Oct 18, 2010

5 Facebook Posts That Put You at Risk

5 Facebook Posts That Put You at RiskBe sure you're not sharing too much information with friends, family and others online.
By Cameron Huddleston, Kiplinger.com

There was a big outcry recently when it was revealed that personal data of Facebook users had been posted to a database open to everyone. (See Congress to Crack Down on Facebook.) Facebook users, naturally, were concerned about their privacy.

Yet, every day Facebook and other social network users publish personal information that could put them at risk without thinking twice. "An awful lot of people think when they get online and communicate with their friends that they are invincible," says Adam Levin, chairman of Identity Theft 911. A seemingly benign post or piece of information could make you a target of identity thieves and traditional crooks. To protect yourself, here are five things you should avoid posting online.

1. Date of birth. Almost 60% of social networkers post their date of birth, according to a survey by Identity Theft 911. After all, most of us like to be wished a happy birthday. But resist the urge to post your complete birth date -- including the year -- on your Facebook profile just to get a lot of messages on your big day. This is valuable information for identity thieves. I know you're thinking only your friends see what you post. But if someone does a search for your name, that person will see your birth date if it's listed in your profile.

2. Child's date of birth. When you post "Happy Birthday to my sweet Susie, who turns 5 today," you're giving identity thieves valuable information about your child. When it comes to your kids, resist the urge to post any information about them (see Protect Your Kids From ID Theft).

3. Travel plans. Surely you've seen Facebook posts like this: "We're going to the beach next week. Can't wait." In fact, you may be guilty of it yourself -- 18% of social network users post travel times, according to the Identity Theft 911 survey. Guess what? You've just extended an invitation for people to burglarize your home. Three men in New Hampshire burglarized more than 18 homes by checking Facebook status updates to see when people wouldn't be home (see Burglars Said to Have Picked Houses Based on Facebook Updates).

4. Address. If your address is on your profile AND you let people know when you're going out of town, well, you know where I'm going with this. Nonetheless, 21% of social network users post their address, according to the Identity Theft 911 Survey.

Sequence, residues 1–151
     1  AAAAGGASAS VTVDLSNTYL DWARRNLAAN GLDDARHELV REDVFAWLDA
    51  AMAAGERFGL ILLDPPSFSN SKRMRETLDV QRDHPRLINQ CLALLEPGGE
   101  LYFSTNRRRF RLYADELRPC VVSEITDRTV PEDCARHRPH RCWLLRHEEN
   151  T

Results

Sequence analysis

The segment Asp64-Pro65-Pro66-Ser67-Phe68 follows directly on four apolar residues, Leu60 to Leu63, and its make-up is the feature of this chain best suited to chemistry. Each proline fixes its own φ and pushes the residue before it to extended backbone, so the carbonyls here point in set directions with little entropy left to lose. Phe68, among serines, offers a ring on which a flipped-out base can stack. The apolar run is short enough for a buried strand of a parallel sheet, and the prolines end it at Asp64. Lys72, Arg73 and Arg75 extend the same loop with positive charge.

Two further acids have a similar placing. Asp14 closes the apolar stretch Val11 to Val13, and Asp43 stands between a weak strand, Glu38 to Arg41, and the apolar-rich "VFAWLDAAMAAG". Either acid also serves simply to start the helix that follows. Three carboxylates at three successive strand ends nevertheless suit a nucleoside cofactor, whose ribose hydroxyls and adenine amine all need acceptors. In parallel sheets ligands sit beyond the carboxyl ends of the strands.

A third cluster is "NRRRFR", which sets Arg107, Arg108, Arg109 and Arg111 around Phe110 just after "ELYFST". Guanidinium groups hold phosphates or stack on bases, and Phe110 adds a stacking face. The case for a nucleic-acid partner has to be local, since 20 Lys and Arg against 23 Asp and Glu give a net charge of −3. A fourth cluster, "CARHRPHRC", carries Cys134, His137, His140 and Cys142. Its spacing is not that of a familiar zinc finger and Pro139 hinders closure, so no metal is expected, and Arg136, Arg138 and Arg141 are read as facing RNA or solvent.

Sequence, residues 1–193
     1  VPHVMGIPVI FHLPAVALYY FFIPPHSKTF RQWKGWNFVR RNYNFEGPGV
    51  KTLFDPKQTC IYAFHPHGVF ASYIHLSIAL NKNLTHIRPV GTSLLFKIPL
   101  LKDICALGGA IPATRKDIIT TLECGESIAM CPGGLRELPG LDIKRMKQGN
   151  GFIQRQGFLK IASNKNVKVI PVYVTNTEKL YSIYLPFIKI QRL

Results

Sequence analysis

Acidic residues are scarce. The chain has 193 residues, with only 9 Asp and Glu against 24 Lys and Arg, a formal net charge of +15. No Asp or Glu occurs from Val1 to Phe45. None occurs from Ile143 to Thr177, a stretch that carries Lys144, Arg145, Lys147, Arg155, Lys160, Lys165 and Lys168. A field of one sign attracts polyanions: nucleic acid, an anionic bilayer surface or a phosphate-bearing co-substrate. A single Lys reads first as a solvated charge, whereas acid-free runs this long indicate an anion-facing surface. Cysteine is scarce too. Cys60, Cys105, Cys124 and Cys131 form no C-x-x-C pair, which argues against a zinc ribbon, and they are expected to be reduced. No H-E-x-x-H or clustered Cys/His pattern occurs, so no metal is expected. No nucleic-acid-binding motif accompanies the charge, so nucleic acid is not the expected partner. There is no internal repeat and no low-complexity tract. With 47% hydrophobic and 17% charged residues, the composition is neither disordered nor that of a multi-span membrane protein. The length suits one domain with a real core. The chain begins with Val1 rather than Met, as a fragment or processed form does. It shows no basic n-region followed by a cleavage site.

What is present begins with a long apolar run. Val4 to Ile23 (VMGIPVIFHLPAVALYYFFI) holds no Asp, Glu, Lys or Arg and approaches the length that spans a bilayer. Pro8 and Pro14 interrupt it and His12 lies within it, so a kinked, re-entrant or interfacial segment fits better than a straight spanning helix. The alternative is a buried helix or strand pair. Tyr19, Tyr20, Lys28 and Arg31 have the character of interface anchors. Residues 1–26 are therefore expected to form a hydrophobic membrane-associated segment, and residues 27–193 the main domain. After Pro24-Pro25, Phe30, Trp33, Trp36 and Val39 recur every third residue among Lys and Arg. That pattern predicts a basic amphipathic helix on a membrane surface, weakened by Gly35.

5. Mother's maiden name. It may seem like common sense not to post your mother's maiden name on a social networking site, but about 11% of the people who responded to the Identity Theft 911 survey said they did. Identity thieves will hit the jackpot if you reveal this bit of information online.

Not only should you avoid posting any of this information, but also you should fix your Facebook settings to control who sees what on your page. Use different passwords for social media sites than you use for financial sites, such as your bank or credit card site. Be careful about clicking on links on Facebook or similar sites because they could contain viruses that will secretly track your passwords, account numbers and other things.

Reprinted with permission. All Contents ©2010 The Kiplinger Washington Editors. www.kiplinger.com.

May 30, 2010

Want to be a Master Gardener?

How to Get Involved
- Want to be a Master Gardener?

Who are Texas Master Gardeners?

Master Gardeners are members of the local community who take an active interest in their lawns, trees, shrubs, flowers and gardens. They are enthusiastic, willing to learn and to help others, and able to communicate with diverse groups of people.

What really sets Master Gardeners apart from other home gardeners is their special training in horticulture. In exchange for their training, persons who become Master Gardeners contribute time as volunteers, working through their cooperative Extension office to provide horticultural-related information to their communities.

Is the Master Gardener Program for Me?

To help you decide if you should apply to be a Master Gardener, ask yourself these questions:

Do I want to learn more about the culture and maintenance of many types of plants?
Am I eager to participate in a practical and intense training program?
Do I look forward to sharing my knowledge with people in my community?
Do I have enough time to attend training and to complete the volunteer service?
If you answered yes to these questions, the Master Gardener program could be for you. Contact the Rockwall County Extension Office to obtain an application from the Master Gardener Coordinator at the office.


If accepted into the Master Gardener program, you will attend a Master Gardener training course. Classes are taught by Texas Cooperative Extension specialists, agents, and local experts.